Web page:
Frits Bolkestein, a senior bureaucrat for the European Commission, just visited the United States in an effort to convince the Bush administration to join the European Union’s proposed savings tax cartel. This plan, known as the “Savings Tax Directive,” is designed to stop money from escaping Europe’s high-tax economies and fleeing to low-tax economies. And since the United States is a low-tax country (compared to places like France), the plan would require U.S. financial institutions to collect private financial data on non-resident investors so it can be turned over to foreign tax collectors.
European politicians believe that it is unfair for jobs and capital to flee from high-tax countries to low-tax countries, and that the United States should prop up Europe’s welfare states. The Savings Tax Directive is a significant threat to market-based policy and fiscal competition and to America’s interests.
The United States is the best tax haven in the world. Low taxes and a strong commitment to financial privacy combine to attract more that US$9-trillion of foreign capital to the U.S. economy. This inflow of money is a key determinant of U.S. prosperity because this money is put to work for the nation and produces more jobs, higher standards of living and general prosperity.
America is the Cayman Islands compared to Europe. Tax revenues consume more than 40% of GDP in Europe, much higher than the U.S. burden, which is less than 30%. Moreover, the U.S. Congress repeatedly decided, with few exceptions, not to tax the investment income of foreigners and not to report this income to foreign governments. And since European politicians are too greedy to cut taxes, European workers and investors are wise to invest their money in the United States.
Obviously, high-tax nations resent this competition, which is why they are lobbying the U.S. government to support the “Saving Tax Directive.” The EU initiative seeks to protect uncompetitive European nations from the discipline of market forces. In particular, it is an effort to preserve bad tax policy because it assumes that there should be multiple taxation of income that is saved and invested — particularly if the money is invested in the United States. The EU Directive would give countries like France or Sweden the power to impose oppressive tax rates on income earned in places like America.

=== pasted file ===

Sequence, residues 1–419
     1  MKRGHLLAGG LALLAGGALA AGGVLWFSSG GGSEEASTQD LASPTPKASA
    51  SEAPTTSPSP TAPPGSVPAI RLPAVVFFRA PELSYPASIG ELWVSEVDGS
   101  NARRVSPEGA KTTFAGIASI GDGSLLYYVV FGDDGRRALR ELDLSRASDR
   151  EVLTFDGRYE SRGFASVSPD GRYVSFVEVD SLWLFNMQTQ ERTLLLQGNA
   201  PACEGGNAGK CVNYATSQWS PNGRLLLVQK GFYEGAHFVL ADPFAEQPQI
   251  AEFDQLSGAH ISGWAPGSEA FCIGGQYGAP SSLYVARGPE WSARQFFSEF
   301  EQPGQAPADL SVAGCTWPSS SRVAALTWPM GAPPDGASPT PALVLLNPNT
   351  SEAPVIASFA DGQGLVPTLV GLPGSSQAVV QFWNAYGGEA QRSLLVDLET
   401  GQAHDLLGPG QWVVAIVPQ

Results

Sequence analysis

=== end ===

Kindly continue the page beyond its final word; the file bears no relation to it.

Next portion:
The European politicians claim that their “true” goal is to reduce tax evasion. As such, they claim that the complete destruction of financial privacy is the only way to address widespread tax evasion. Yet real world evidence shows that lower tax rates and tax simplification are much more effective tools to prevent tax evasion. European governments should try tax reforms instead of trying to force other nations to adopt their bad tax policies.
In the words of Commissioner Bolkestein, “both the EU and the U.S. need to work much more closely together to frame legislation that can help capital flow more freely between the EU and the U.S.” However, empirical evidence shows that capital does not have any problem flowing from Europe to the United States. European politicians are upset because capital is reluctant to flow from the United States to Europe, with the exception of low-tax Ireland. Frits Bolkestein is really trying to negotiate a directive that would reduce the amount of capital coming to America.
The EU tax cartel would have a terrible effect on the U.S. economy. If the Savings Tax Directive was implemented, the U.S. economy would lose capital, which would mean fewer jobs and lower wages. Equally important, an EU victory would have a big impact on America’s ability to reform its tax system in the future. The EU scheme, for instance, would make a flat tax or some other tax reform plan impossible.
In reality, Commissioner Bolkestein wants U.S. financial institutions to serve as vassal tax collectors for Europe’s welfare states. If implemented, the EU savings tax cartel initiative would undermine the right of U.S. policy-makers to determine the tax treatment of income earned inside U.S. borders.